Sts. Perpetua and Felicity: Beautiful Mirrors of Christ

Mosaic of Sts. Perpetua and Felicity from the National Shrine of the Immaculate Conception, Washington DC
Mosaic of Sts. Perpetua and Felicity from the National Shrine of the Immaculate Conception, Washington DC

Next on our list are Sts. Perpetua and Felicity. Even if their names are not easily recognizeable, they are among the most well-known and widely studied martyrs of the 3rd century. Many martyrdom account manuscripts have been lost to time, decay, or barbarian hordes, but we have received The Passion of St. Perpetua, St. Felicity, and their Companions as a complete text! It preserves the account of the arrest and imprisonment of the saints as given by eyewitnesses and the saints’ own testimony.

Vibia Perpetua was a 22-year-old married noblewoman and nursing mother, and Felicity was her servant, friend, and expectant mother. Perpetua had made her decision to be baptized in 203 AD under the rule of Emperor Septimius Severus, even though she knew that it could mean her death. Her father and family members pleaded with her to recant, but she replied that she couldn’t and said, “Neither can I call myself by any other name than what I am – a Christian.”

Perpetua and Felicity were imprisoned and awaited execution in the arena in their hometown of Carthage in North Africa. The conditions were terrible, but the Church sent deacons to minister to them and other Christians, even bribing the guards to provide better living conditions. The two women and their companions (Saturus, Revocadus, Rusticus, and Saturninus) continued to be people of prayer, even as they awaited their death, and their example resulted in the conversion of the jail warden, a man named Pudens.

The actual martyrdom account interestingly mirrors many of the aspects of Jesus’ own Passion. Perpetua, Felicity, and their companions were led into the center of the arena to await judgment of the crowds (like Jesus). Beautifully, the servant and master had become sisters and friends in their suffering for Christ. The crowd demanded that they be scourged first (like Jesus), and they were stripped naked for humiliation (like Jesus). The group of martyrs was then attacked by leopards, wild boars, and bears (oh my!), and Perpetua and Felicity were chained to the side of a crazed bull, which beat and trampled them severely. When the brutal attacks by the beasts had concluded, soldiers were dispatched to ensure that the martyrs were dead (like Jesus). When one of them, a young novice, approached Perpetua, he was so moved by her loving suffering that he couldn’t bring himself to dispatch her. Perpetua, fully aware of the consequences for the soldier disobeying his order, and willing to lay her own life down (like Jesus), steadied his hand and guided the sword into her body.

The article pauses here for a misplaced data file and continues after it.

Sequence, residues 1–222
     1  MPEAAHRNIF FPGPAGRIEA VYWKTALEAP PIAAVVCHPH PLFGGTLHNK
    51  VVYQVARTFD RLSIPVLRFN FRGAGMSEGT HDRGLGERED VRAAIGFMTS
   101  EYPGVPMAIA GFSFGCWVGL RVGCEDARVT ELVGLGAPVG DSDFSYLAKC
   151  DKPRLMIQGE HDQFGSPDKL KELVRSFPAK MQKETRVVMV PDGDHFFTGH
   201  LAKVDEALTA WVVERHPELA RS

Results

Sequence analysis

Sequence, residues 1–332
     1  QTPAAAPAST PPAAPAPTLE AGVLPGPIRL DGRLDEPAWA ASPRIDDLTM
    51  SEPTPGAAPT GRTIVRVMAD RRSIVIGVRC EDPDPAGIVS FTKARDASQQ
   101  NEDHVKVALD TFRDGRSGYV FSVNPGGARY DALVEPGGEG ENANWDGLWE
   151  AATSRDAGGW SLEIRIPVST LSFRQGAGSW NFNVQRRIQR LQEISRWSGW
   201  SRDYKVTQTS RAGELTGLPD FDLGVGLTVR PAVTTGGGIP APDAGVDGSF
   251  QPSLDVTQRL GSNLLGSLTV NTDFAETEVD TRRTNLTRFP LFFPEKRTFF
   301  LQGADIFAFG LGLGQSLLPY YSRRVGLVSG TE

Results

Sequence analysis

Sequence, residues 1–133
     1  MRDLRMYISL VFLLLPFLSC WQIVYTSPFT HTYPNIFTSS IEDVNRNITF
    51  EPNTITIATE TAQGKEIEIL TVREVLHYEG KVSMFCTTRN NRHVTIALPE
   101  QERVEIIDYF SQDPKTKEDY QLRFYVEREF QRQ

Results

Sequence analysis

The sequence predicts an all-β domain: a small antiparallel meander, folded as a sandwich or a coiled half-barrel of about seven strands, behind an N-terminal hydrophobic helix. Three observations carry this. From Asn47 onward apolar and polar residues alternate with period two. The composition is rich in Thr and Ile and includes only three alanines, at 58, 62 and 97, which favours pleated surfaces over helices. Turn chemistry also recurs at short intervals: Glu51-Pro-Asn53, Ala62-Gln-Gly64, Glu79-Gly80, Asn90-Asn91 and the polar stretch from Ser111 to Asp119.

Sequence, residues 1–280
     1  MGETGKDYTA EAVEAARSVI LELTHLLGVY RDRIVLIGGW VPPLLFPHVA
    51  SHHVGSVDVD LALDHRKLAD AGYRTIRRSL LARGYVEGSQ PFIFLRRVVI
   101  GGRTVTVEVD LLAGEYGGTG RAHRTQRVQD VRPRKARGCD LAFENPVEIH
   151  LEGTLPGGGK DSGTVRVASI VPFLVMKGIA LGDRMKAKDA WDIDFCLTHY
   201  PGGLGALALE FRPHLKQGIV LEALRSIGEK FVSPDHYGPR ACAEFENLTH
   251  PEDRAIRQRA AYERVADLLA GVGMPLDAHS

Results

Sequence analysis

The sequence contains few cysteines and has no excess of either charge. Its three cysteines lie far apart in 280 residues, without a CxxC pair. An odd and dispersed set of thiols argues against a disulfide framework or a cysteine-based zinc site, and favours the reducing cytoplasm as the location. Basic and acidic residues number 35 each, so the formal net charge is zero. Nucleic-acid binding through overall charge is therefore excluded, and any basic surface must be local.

We have so much that we can take away from this passion account, including evidence for many closely held teachings of the Church, including baptism by desire (Perpetua’s brother died as a catechumen, but she dreamed he was saved) and prayers for the souls in Purgatory (her other brother Dinocrates, who had died with a disfiguring illness, appeared to her in a vision and was healed after she prayed for his soul). There is also a scene where the martyr Saturus gives his family ring to Pudens the warden in gratitude; Pudens later dips the ring in Saturus’ blood and keeps it to venerate the martyrs’ death, which seems to be clear evidence of the use of relics!

Perhaps the greatest lesson we learn follows the last recorded words of St. Perpetua: “Stand fast in faith, and love one another.” Sts. Perpetua, Felicity, and their Companions, pray for us!

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